According to a second embodiment of the invention, the visor includes a peripherally extending headband comprising a flexible strip of material that is folded over to form an inverted, U-shaped channel. The channel defines an air space into which the headband is compressed when engaged by the wearer's forehead. Accordingly, the headband will conform to the shape of the wearer's forehead, whereby to cushion the forehead and assure a comfortable fit. The channel of the headband extends continuously through each of a pair of side bands to receive therein the tops of the wearer's ears. Therefore, the visor is reliably attached to the wearer's head while the wearer's ears will be shielded from sunlight and possible sunburn.
FIG. 1 is a perspective view of a visor according to a first embodiment of the present invention;
FIG. 2 is a top view of the visor of FIG. 1;
FIG. 3 is a side view of the visor of FIG. 1;
FIG. 4 is a cross-section taken along lines 4--4 of FIG. 3;
FIGS. 5 and 6 illustrate the slidably adjustable nature of a side strap relative to a respective side band to reliably attach the visor of FIG. 1 to the head of a wearer;
FIG. 7 is a perspective view of a visor according to a second embodiment of the present invention;
FIG. 8 is a side view of the visor of FIG. 7 fitted to the head of a wearer;
FIG. 9 is a bottom view of the visor of FIG. 7; and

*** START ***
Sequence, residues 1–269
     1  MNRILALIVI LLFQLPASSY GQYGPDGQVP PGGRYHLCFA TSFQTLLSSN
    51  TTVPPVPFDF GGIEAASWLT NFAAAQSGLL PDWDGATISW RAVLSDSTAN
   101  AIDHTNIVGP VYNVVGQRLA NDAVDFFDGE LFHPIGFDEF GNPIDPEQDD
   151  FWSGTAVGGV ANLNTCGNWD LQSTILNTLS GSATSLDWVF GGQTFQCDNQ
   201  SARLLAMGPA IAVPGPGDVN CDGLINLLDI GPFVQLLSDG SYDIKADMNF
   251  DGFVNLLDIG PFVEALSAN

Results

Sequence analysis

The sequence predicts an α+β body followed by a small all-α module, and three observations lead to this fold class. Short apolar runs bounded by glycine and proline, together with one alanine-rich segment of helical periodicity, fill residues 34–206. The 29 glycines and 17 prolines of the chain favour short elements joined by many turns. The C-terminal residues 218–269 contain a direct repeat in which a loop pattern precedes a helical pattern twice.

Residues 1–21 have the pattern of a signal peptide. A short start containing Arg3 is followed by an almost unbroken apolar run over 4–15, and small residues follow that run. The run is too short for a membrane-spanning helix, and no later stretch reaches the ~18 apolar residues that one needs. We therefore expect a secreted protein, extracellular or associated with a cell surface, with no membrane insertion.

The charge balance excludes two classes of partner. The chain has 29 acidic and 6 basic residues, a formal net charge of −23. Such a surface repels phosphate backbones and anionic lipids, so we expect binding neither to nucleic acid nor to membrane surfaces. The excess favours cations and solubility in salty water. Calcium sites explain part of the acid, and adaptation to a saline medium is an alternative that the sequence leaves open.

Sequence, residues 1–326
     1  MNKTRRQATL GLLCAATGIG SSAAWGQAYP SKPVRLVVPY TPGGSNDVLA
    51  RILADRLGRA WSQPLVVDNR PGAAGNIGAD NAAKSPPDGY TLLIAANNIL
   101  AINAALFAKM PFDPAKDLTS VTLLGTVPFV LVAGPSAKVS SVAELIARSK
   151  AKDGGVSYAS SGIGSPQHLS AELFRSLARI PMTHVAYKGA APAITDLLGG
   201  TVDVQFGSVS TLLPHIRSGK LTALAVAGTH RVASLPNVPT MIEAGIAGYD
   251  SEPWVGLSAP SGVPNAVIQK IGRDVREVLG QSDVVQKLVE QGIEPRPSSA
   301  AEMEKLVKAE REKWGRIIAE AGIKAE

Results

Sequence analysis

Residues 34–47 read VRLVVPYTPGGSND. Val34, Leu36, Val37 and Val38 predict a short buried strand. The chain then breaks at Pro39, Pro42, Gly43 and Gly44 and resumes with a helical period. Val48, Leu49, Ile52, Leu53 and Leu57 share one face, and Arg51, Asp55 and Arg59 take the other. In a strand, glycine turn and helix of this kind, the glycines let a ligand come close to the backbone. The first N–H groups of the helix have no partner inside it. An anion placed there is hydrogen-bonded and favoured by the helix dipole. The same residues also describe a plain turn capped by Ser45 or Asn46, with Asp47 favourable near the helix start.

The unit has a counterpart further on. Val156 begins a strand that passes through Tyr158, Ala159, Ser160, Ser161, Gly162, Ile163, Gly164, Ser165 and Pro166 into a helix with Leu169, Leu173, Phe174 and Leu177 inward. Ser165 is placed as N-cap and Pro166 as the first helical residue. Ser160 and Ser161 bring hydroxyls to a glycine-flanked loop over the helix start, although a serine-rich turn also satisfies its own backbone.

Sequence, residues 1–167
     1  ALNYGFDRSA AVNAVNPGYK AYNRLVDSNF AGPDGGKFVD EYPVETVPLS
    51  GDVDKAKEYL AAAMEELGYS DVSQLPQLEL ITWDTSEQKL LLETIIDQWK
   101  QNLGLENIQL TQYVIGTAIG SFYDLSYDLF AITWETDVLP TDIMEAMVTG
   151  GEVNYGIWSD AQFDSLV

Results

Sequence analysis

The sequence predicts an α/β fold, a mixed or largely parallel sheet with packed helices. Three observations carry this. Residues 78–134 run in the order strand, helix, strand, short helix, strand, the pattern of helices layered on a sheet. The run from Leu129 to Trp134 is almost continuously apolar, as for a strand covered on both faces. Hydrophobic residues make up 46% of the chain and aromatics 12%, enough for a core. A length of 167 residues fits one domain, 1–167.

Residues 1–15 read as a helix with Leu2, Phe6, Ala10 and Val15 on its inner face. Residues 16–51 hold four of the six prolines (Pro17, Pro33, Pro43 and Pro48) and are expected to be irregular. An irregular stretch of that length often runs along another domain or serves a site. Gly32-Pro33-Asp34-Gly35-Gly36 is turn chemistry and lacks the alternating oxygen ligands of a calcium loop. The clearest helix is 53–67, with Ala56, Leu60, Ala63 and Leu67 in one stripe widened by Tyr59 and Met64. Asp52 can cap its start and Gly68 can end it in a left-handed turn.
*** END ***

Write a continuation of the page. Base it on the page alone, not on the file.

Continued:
FIG. 10 is a cross-section taken along lines 10--10 of FIG. 8.
The sun and sports visor 1 which forms a first embodiment of the present invention is described while initially referring to FIGS. 1 and 2 of the drawings. Visor 1 is preferably manufactured (e.g. molded) from a lightweight flexible plastic material, such as polypropylene, polyethylene, or the like, and includes the traditional bill 2, which shields a wearer's eyes from overhead sunlight, and a crown 4 which is coextensively formed with and extended upwardly from bill 2. However, it is to be understood that the soon to be described advantages of this invention are also available to a visor having no crown. Visor 1 also includes a pair of opposing, arcuate-shaped side bands 6 which generally conform to the shape of the wearer's head. As will be described in greater detail hereinafter while referring to FIGS. 3-6, each side band 6 has a respective side strap 8 which is slidably adjustable to enable the visor 1 to be reliably attached to the wearer's head, regardless of hat size.